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Country veteran Clint Black gets maverick in his "old age"
Performing solo in an acoustic setting can be constraining for some artists. But country veteran Clint Black is looking forward to spreading himself a little at WYCD's annual Ten Man Jam this week.
"I've done a lot of these over the years, and it's really different," Black, 54, says by phone from his home near Nashville. "The expectations are completely skewed, so you can bring something entirely unusual to the stage. When I'm doing a concert I know the particular hits I would be remiss to leave off, but when you're doing this sort of thing you can just pull things out that maybe you wouldn't play anywhere else and people won't be too upset to hear something really different.
"So I might do my Willie Nelson impression or play my favorite Steely Dan song on acoustic guitar. Who knows? But I feel like I can do just about anything up there."
Rest assured, however, that Black also wants to make a little noise for "On Purpose," which is not only his new album but also his first set of new material in 10 years. It wasn't by design; Black spent most of his career with RCA and them moved to the independent Equity Music Group, but he ultimately wanted more independence as an artist and spent a considerable amount of time looking for a deal that left him mostly to his own devices.
"There was always a lot of pressure on me to record outside songs and just do things differently. They were always asking me to stop being my own songwriter," says Black, a five-time Academy of Country Music Awards winner who was courted by three major labels during the interim between albums before brining his own Black Top Records imprint to the Thirty Tigers consortium. "But To their credit I refused and they let me just go on doing things, but there was always a point of contention.
"So the difference now is I'm with a record company that does not care where I get my songs. They want me to be who I want to be and they'll help me in every way they can. If I ant to be left alone to do my thing, that's what they do. It's a great situation."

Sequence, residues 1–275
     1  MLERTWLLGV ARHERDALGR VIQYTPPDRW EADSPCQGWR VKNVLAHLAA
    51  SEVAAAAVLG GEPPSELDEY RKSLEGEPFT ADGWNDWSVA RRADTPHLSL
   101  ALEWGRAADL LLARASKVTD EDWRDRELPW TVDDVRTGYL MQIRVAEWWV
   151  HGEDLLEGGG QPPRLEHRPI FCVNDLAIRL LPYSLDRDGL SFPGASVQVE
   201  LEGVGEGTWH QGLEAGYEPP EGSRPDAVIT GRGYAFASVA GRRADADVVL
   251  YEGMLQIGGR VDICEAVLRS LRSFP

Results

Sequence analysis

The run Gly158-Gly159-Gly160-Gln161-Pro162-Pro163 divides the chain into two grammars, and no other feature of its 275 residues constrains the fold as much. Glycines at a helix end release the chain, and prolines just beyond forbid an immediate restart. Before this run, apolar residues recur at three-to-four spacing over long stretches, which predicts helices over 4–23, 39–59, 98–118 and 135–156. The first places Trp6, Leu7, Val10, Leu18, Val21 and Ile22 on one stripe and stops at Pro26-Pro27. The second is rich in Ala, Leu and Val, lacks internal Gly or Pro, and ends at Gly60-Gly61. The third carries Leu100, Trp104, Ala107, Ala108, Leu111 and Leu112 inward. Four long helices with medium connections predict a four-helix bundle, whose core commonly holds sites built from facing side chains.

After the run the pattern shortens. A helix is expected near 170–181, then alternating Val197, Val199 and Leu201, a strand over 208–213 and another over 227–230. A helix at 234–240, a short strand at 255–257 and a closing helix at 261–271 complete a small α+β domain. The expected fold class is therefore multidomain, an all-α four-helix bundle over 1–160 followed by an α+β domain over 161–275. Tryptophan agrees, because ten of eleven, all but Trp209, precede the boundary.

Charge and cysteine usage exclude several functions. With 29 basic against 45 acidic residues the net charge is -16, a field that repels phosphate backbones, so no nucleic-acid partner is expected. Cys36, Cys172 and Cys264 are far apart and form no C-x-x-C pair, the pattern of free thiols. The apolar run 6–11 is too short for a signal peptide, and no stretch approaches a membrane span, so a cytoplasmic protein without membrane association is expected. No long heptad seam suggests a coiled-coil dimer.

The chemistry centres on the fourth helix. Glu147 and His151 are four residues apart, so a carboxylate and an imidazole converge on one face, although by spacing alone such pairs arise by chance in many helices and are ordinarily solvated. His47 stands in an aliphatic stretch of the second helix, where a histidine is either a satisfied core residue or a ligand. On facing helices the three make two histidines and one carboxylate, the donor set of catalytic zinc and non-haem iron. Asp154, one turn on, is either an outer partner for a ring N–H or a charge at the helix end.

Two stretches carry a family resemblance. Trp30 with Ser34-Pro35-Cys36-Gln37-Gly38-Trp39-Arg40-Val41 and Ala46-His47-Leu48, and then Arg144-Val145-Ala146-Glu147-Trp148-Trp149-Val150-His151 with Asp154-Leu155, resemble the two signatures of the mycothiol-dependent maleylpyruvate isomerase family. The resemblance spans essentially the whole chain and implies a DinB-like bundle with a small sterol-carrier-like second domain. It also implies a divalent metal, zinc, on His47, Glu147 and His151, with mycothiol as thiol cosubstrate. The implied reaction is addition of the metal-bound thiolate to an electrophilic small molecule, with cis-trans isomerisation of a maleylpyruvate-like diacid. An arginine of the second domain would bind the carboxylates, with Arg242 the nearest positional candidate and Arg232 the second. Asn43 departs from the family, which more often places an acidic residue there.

"On Purpose" debuted at No. 13 on the Billboard Top Country Albums charts, considerably higher than 2005's "Drinkin' Songs and Other Logic." The Hardest part, Black recalls, was going through all the material he'd worked on during the decade between albums to come up with the 14 mostly high-energy tracks that comprise "On Purpose."
"I had a deadline -- which was good," Black says with a laugh. "I'd been working all along, touring and writing songs for TV shows and some independent films, producing some other artists and working on my own music all along. I had about four albums worth of material in the can, so it was a hard job of figuring out what would make a good album.
"I still did things the same way. The people I had around me, I reached out and said, 'Hey, any thoughts? What do you think? What do you like best?' I was meandering a bit; I had so many choices. I read somewhere that Stephen King has six trusted people that he lets read a manuscript and give him feedback, so it was kind of the same way with this (album)."
WYCD Ten Man Jam with Clint Black, Maddie & Tae, Justin Moore, Granger Smith, Scotty McCreery, Drake White, William Michael Morgan, Ashley Campbell, Ryan Kinder and Dallas Smith
7:30 p.m. Thursday, February 18.
The Fillmore Detroit, 2115 Woodward Ave.
Tickets are being distributed solely by WYCD.
Call 313-961-5451 or visit wycd.cbslocal.com.
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